Silverthorne sees neighborhood connections as a way to ease out-of-town traffic congestion

Vehicles line up to turn left on the Interstate 70 on-ramp westbound Tuesday, Aug. 10 in Silverthorne. City leaders discussed potential options that could ease some of the traffic in the city and could connect neighborhoods for easier pedestrian access.
Nicole Miller / Summit Daily News Archive

Silverthorne leaders met on Wednesday to discuss potential plans to ease congestion in the city.

Over the past several years, public works employees and consultants have developed the Transportation Master Plan, which outlines potential road projects the city could pursue as well as traffic analyses. He said the proposed projects don’t necessarily completely solve the traffic, but are a guide on how to better manage it.

“There you go, that says we’re going to get a lot of traffic,” Daugherty said. “A lot of the traffic, though, that we’re going to get is traffic outside of our jurisdiction. This does not happen and does not stop in our jurisdiction. It comes from outside or even from our jurisdiction. This analysis tells us that we are going to have traffic problems. The only thing it tells us is that if you try to reduce densities and so on, to tackle this issue, it won’t have a big impact on traffic.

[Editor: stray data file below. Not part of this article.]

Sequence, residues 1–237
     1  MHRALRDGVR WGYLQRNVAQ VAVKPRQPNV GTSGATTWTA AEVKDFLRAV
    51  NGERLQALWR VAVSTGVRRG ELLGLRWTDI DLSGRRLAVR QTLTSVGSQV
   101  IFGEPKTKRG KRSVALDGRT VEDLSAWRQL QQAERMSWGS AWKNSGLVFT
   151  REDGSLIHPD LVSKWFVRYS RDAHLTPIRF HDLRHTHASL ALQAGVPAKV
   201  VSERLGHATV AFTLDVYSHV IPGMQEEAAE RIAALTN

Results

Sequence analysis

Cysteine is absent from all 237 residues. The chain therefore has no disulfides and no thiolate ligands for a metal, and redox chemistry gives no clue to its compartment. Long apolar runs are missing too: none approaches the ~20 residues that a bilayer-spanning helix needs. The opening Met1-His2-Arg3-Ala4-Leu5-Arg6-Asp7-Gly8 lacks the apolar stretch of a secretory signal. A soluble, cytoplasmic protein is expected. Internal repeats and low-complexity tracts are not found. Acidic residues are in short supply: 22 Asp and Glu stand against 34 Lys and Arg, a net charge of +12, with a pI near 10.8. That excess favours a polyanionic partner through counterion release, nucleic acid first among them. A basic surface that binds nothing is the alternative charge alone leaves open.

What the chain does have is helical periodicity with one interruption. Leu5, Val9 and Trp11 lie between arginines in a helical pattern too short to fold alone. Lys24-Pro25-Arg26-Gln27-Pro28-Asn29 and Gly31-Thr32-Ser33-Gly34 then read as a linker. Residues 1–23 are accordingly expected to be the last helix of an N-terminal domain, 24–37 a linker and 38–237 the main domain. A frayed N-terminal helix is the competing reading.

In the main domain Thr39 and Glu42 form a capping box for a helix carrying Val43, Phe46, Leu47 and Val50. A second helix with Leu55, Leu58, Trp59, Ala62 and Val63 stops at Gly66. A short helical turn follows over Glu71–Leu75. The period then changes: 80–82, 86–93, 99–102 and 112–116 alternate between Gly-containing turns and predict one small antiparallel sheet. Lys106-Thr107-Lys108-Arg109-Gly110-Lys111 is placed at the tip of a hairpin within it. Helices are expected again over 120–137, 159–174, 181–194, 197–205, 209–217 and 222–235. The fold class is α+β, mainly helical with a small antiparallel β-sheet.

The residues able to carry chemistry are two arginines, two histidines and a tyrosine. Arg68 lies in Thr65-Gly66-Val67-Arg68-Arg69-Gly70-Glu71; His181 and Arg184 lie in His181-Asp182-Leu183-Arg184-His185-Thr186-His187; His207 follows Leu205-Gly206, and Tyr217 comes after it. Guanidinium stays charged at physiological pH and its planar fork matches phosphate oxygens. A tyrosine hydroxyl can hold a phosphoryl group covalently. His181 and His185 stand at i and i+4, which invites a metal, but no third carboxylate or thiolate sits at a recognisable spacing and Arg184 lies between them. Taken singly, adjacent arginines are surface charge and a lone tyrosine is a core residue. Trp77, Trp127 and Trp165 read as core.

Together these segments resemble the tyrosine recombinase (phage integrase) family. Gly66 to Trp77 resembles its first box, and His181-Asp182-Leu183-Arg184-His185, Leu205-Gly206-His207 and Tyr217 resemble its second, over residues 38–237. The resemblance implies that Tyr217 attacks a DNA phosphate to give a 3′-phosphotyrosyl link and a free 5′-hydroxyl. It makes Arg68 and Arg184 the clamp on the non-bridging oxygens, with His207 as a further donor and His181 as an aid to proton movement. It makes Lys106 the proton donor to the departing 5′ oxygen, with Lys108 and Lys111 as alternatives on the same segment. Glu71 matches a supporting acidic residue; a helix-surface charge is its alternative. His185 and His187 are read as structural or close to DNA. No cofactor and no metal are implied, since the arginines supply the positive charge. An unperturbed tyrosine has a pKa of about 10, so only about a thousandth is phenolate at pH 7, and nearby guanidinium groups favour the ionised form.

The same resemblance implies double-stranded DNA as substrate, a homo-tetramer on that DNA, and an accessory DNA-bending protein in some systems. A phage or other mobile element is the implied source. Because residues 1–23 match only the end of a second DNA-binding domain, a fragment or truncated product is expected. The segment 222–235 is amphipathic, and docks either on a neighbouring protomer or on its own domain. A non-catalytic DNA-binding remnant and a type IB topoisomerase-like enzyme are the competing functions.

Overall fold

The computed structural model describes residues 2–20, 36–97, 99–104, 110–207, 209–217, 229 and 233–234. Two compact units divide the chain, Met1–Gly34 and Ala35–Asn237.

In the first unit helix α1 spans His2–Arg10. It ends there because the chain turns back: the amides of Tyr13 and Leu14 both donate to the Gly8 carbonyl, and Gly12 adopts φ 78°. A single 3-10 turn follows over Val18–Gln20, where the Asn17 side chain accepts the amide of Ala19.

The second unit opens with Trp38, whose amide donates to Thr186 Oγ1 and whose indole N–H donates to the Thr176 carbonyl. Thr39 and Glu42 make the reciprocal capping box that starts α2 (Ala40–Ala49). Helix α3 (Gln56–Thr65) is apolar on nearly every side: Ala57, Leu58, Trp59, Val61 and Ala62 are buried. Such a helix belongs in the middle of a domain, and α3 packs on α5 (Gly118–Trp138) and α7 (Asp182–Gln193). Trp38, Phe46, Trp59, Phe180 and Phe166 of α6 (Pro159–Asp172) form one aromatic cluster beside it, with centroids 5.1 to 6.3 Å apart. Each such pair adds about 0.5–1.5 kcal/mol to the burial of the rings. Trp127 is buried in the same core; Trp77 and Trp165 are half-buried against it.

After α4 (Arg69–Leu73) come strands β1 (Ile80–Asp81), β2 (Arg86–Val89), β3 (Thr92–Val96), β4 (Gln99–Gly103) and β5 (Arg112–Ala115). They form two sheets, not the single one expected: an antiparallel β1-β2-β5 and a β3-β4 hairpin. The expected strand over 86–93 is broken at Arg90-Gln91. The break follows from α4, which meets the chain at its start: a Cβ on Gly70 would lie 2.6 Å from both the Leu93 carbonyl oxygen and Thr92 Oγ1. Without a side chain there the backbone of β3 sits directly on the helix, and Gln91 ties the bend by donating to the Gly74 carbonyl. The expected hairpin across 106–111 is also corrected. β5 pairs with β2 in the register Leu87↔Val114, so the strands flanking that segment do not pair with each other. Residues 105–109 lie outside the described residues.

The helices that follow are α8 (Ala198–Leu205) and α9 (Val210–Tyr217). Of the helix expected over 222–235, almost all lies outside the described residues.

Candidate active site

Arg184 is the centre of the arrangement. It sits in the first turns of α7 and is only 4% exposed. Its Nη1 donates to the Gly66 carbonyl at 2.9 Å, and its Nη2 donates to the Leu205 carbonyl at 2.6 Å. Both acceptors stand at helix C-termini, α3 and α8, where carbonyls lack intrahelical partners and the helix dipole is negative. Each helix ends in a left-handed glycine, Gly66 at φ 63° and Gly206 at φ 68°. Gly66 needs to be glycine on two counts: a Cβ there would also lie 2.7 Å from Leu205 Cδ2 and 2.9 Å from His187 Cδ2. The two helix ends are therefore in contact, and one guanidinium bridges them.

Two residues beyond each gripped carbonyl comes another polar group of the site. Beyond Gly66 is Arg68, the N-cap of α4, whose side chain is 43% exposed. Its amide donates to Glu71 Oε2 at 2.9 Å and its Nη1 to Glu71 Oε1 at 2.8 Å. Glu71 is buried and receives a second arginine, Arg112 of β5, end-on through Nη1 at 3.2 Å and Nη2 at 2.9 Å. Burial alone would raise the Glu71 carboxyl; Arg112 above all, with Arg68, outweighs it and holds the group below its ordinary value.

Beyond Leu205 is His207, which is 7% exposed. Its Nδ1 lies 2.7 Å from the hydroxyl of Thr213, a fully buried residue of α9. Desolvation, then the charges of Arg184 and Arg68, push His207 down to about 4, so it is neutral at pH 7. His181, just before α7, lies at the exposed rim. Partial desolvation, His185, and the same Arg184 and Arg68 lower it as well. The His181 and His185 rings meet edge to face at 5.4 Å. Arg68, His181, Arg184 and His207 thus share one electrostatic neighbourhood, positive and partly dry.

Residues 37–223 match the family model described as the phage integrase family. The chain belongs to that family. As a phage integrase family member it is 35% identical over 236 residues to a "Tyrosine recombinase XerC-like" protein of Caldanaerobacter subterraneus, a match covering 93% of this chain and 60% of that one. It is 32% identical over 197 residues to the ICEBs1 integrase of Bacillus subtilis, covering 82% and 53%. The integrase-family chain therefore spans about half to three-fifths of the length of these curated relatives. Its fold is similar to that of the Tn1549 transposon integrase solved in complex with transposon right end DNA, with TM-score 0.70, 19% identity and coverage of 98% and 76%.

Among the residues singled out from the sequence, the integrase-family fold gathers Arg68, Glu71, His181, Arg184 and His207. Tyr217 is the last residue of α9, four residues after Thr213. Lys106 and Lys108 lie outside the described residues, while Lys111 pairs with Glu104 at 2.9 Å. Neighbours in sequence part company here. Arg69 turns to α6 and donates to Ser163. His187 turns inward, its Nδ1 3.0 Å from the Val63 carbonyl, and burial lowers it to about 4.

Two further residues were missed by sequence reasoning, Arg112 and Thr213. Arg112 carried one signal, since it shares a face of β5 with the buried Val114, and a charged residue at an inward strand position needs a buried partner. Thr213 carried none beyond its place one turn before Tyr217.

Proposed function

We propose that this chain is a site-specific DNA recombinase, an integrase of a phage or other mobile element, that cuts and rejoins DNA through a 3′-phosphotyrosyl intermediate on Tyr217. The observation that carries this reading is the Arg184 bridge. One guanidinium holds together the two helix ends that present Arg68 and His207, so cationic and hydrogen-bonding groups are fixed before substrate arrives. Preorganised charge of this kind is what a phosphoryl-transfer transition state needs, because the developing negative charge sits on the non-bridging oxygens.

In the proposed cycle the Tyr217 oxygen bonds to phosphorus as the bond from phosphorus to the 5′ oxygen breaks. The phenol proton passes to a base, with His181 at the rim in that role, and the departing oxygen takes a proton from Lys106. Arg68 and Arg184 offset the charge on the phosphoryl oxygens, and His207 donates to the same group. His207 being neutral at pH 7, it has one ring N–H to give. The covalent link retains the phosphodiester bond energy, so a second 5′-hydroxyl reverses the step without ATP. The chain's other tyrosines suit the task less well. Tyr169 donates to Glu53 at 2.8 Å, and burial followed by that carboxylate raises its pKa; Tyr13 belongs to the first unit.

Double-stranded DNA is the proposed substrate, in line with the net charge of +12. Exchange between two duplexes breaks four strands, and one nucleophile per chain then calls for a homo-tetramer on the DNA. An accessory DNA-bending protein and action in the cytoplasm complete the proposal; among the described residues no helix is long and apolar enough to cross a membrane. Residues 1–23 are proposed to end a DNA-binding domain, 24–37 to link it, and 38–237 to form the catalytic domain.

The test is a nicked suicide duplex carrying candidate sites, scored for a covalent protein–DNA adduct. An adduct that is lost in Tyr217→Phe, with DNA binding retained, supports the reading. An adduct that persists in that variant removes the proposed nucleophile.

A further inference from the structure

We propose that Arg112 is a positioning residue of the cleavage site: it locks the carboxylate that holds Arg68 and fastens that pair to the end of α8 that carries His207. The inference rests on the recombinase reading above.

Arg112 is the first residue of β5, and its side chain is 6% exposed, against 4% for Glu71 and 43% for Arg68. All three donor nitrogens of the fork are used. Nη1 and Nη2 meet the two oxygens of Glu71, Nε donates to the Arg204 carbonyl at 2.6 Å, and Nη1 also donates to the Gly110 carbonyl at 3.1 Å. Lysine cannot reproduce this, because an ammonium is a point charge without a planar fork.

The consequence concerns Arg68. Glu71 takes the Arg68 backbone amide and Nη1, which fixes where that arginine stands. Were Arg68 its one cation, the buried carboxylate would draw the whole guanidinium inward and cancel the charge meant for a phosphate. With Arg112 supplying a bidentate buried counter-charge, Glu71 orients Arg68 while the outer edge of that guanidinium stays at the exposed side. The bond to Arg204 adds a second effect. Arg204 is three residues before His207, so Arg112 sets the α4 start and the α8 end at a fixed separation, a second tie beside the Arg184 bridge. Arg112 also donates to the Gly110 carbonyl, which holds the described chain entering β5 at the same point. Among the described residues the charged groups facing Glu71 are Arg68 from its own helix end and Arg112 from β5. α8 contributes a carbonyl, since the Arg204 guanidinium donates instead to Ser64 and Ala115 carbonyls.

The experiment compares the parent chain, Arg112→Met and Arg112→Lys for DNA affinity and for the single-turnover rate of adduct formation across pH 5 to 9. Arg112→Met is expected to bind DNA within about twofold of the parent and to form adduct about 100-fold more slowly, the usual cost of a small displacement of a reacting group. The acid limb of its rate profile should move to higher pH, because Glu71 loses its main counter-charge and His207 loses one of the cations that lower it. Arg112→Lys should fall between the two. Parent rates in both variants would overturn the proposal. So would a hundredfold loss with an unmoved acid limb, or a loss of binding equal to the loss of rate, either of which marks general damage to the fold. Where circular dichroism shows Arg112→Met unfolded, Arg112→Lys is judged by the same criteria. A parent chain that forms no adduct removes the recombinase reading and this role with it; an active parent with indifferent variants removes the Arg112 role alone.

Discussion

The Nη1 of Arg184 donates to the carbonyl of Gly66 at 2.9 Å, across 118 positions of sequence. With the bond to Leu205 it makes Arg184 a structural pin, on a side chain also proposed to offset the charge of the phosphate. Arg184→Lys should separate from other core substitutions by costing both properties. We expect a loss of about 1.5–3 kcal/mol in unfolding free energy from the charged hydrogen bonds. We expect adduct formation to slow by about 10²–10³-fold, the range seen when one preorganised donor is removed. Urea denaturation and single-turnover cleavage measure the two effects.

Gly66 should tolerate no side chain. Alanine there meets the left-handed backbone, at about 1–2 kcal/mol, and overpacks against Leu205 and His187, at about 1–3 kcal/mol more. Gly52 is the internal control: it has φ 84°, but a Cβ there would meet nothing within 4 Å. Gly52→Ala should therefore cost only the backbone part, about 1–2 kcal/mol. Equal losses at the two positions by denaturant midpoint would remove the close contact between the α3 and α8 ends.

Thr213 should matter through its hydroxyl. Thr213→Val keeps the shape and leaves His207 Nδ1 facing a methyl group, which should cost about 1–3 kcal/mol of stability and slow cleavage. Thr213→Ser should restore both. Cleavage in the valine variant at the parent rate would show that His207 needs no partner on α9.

Deputy Town Manager Mark Leidal said neighborhood-to-neighborhood connections in Silverthorne are something the city council focused on during its last council retreat. The first priority is variable message signs, that is, signs that can be changed remotely and synchronized with state-controlled signals. The second priority is the divergent diamond interchange from exit 205.

Other top priorities include extending Adams Avenue north to Willowbrook Road to increase pedestrian and cycling connections, and plans to eventually add a traffic light at Ruby Ranch Road so pedestrians can connect to the Blue River. Council members noted that a potential solution could be to remove the red light at Annie Road near Target and add one at Ruby Ranch Road, as not many people actually use the left turn light to get to at Target. This project is expected to have a partnership with the Colorado Department of Transportation.

“Certainly the transportation plan is not just for cars, but for pedestrians and bicycles and whatever else we can think of,” Leidal said. “I think that’s a key thing to keep in mind.”

Leidal also noted that if the city had a grocery store on Smith Ranch Road, it would save people from crossing the interchange and reduce traffic issues. He said there were other projects the city could consider to improve traffic flow, but he said those would be addressed over time.

Some projects will need to be cooperative with CDOT, which operates Interstate 70 and Colorado Highway 9. Daugherty said the master plan was sent to CDOT and city leaders often refer to it in conversations with the department. .

Daugherty added that developing a regional transportation plan involving neighboring municipalities would also benefit the city and other communities on the I-70 corridor through the mountains. He said larger plans like this could also attract grants from federal sources.

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